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Skip to 0 minutes and 0 secondsThe Emergency Manager may ask themselves the question, “Why am I doing this?”. Well the answer to that question is because the Emergency Manager has to make a decision about the benefits and costs of what it is they are trying to achieve, and the benefits could be lives saved, fires extinguished, disasters averted but the costs could be lives lost, injuries, potential financial loss, environmental loss and reputational loss and it is this loss that we are going to

Skip to 0 minutes and 39 secondsfocus on now. An incident occurred in 1969 at an oil storage depot in East London

Skip to 0 minutes and 45 secondsat Dudgeon’s Wharf. The incident involved an oil storage tank which had been involved in a fire but the fire had been extinguished

Skip to 0 minutes and 51 secondsby the plant operators. The Fire Service attended and whilst 5 fire fighters were on the top of the tank, a decision was made

Skip to 0 minutes and 58 secondsto open a portal lower down using hot cutting gear. The operators at the time didn’t

Skip to 1 minute and 3 secondsrealise the nature of the gases within the storage tank and tank exploded, killing the 5 fire fighters and 1 of the store operators. A public enquiry was held which focused upon the causes of the

Skip to 1 minute and 14 secondsdisaster but it didn’t really look at the decision-making processes of the emergency responders on the scene. Moving on to 2007 and a fire that occurred at Atherstone Upon Stour in the UK. Here, a fire in

Skip to 1 minute and 28 secondsa large food processing plant resulted in the deaths of 4 fire fighters.

Skip to 1 minute and 32 secondsThe subsequent enquiry led to the prosecution of the Fire Authority

Skip to 1 minute and 36 secondsunder safety regulations and also 3 of the decision-makers at the scene.

Skip to 1 minute and 41 secondsNow this had a profound effect upon the way that decision-makers looked at the cost element of the benefit cost equation and not

Skip to 1 minute and 52 secondsonly there was reputational risk now added to the cost assessment,

Skip to 1 minute and 56 secondsbut also the fact that you could personally find yourself in a Court of Law justifying your actions. So we move on to our final case study which is the Kerslake

Skip to 2 minutes and 6 secondsReport into the Manchester Arena bombing of 2017. This report

Skip to 2 minutes and 11 secondsfocused upon the actions of the emergency responders at the time

Skip to 2 minutes and 14 secondsand the Fire and Rescue Service in particular came in for criticism. At that time the Fire and Rescue Service believed that they were dealing with the type of incident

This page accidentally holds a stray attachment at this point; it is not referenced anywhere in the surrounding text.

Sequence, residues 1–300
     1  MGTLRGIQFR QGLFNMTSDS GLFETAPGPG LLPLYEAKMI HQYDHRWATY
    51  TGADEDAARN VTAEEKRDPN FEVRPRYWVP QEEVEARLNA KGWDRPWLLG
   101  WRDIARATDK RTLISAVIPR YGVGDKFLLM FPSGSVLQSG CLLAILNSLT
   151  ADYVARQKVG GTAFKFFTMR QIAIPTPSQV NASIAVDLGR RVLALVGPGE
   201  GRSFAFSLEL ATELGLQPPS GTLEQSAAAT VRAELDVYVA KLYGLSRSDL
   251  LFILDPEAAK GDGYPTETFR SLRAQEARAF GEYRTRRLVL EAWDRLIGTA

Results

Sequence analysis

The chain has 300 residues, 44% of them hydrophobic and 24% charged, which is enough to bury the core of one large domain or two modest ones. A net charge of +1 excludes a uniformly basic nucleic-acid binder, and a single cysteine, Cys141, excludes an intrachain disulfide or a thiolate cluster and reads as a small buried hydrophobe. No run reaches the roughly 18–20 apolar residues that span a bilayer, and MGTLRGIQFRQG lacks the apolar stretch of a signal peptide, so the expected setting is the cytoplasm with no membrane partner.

Skip to 2 minutes and 22 secondsthat required them to hold back until the area was declared safe

Skip to 2 minutes and 25 secondswhen actually what was required was for an emergency response immediately alongside their Police

Skip to 2 minutes and 31 secondsand Ambulance colleagues. The report was heavily critical of

Skip to 2 minutes and 34 secondsthe Fire Service, it said that they were “risk-adverse”. So we’ve seen over time the

Skip to 2 minutes and 40 secondsissues that arise, whereas in 1969, very little examination of the

Skip to 2 minutes and 45 secondsdecision-making process is by emergency responders, going right through reputational risk, litigation risk and now we see public criticism. It all shows the difficulties within which the Emergency Manager now

Skip to 3 minutes and 4 secondshas to make those crucial decisions based upon their analysis of the

Skip to 3 minutes and 9 secondsbenefit versus the cost.

Why am I doing this?

You have now begun to see how the emergency risk environment is evaluated.

Watch the video where Paul Amos discusses the reasons why this process is so important to the emergency manager and how external expectations have developed over time

Paul compares three case studies:

  • Dudgeons Wharf fire 1969

  • Atherstone-upon-Stour fire 2007

  • Manchester Arena bombing 2017

Your task

The very public level of scrutiny seen today has profound implications for the way risk is perceived by the public in the form of official scrutiny, political process and the media. This is the environment within which emergency responders now operate, that they should avoid being risk averse, whilst at the same time be aware of the possibility of legal sanction should anything go wrong.

In your view how can emergency managers resolve this dichotomy when deciding on a context for evaluating and dealing with risk?

References

Davis A.,W.,M. (1970) Public Inquiry into a Fire at Dudgeons Wharf on 17th July 1969 London: Stationary Office

Warwickshire Fire and Rescue Service (2007) Report on the Fire at Atherstone-on-Stour [online] Leamington Spa: Warwickshire Fire and Rescue Service. available from https://apps.warwickshire.gov.uk/api/documents/WCCC-954-385 [11 May 2018]

Lord Kerslake (2017) The Kerslake Report [online] available from https://www.kerslakearenareview.co.uk/media/1022/kerslake_arena_review_printed_final.pdf

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This video is from the free online course:

Managing Risk in an Emergency Context

Coventry University

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